Media and How we Use Them

How we use media varies depending upon age
and our needs in life.

As I noted in an earlier post, I’ve been reading the results of several research projects that our organization has going. It’s revealing and interesting.

It’s market research, but many in the religious communities are uncomfortable with the use of “market” language. My attitude toward this is that I want to understand what people are thinking, what they’re doing, and what concerns them. I can’t do ministry effectively with them if I don’t know these things. So, whatever you call it, getting to know your audience in order to work with them in a partnership, is good. In my view, that’s all market research is.

What we’re hearing is that people want similar things–to be connected with others, to be safe and secure, and to have the opportunity to grow and develop. We all use different words for these desires and we use media differently to gain some of them. And while we all give approximations of the same needs, it looks to me as if our experiences are considerably different. We have been born into different media eras and this creates a different life experience.

Elders (60 and above) who were born into the media world of movie newsreels and heard the birth of radio, experience the search for meaningful relationships differently from Mosaics (18 to 21-yrs-old) who are born into a world of cellphones, 100 channel television, text messages and iPod video. Boomers (41-59) experienced the power of television images (from three networks) from Vietnam and burning Freedom Rider busses in the South to create social change. They share a different experience of media and the world than Busters (22-40) who have been born into the world of MTV, video games and a computer on every desktop at home and at work.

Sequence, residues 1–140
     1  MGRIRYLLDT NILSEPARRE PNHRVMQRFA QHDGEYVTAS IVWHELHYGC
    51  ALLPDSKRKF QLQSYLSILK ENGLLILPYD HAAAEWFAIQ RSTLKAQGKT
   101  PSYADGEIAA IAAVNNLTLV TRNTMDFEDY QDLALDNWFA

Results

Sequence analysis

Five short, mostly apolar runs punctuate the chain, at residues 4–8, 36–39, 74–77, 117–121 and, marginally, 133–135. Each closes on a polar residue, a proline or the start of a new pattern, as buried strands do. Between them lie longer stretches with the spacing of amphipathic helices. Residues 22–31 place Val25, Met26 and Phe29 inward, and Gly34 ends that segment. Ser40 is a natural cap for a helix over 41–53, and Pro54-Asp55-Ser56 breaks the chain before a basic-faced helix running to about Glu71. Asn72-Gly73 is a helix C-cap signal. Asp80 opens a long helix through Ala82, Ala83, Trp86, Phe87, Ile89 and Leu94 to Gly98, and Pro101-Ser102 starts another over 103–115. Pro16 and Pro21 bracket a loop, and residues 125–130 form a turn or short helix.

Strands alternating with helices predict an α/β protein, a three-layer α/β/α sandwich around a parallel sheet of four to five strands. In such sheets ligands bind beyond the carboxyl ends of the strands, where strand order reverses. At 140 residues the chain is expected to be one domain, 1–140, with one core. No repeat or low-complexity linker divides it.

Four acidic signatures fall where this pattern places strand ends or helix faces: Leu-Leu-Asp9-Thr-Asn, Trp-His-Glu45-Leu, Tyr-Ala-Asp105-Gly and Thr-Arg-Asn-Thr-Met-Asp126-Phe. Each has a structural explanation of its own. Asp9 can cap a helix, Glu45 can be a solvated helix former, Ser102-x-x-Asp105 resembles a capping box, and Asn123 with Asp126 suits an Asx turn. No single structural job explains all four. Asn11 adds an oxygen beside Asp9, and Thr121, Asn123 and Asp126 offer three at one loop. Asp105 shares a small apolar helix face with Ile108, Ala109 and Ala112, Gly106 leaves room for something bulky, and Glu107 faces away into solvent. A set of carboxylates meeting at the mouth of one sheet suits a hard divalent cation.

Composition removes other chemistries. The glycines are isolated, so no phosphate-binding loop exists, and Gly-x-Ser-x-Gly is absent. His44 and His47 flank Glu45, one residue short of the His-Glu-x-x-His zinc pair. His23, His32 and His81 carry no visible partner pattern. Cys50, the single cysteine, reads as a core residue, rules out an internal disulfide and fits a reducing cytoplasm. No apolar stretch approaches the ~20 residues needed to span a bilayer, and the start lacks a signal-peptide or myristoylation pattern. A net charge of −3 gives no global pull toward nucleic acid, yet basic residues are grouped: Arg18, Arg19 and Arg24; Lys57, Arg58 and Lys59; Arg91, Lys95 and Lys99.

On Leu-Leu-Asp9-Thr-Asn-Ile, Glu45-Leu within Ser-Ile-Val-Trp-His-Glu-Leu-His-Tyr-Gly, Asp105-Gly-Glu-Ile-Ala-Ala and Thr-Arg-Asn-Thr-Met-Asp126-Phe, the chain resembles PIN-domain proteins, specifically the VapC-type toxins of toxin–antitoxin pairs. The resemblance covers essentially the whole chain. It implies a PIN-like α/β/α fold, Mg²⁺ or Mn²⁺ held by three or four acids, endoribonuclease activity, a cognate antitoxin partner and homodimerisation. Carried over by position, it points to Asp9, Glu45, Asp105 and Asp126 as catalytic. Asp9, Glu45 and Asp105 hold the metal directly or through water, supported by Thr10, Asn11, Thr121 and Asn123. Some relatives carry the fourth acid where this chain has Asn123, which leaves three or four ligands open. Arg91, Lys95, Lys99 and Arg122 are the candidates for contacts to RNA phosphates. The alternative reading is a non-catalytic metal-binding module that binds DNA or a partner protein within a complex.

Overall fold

As generations we use media differently and we view the world through the lenses (and other filters) of the media that contribute to our world-view. Always-plugged-in-Mosaics who are connected with friends through text messages have a different understanding of the technology than Boomers who are still sending e-mail.

Recently, we talked at work about the obsolescence of CDs. A technology that is only a few years old is already way past its prime. Therefore, knowing which audience still uses it, and who doesn’t, is critical if you want to communicate.

How do you use media? What is your generational experience of the various media that now shape our views about the world, and ourselves? Is it a source of community, experience, entertainment, all of these and more? I’m interested.

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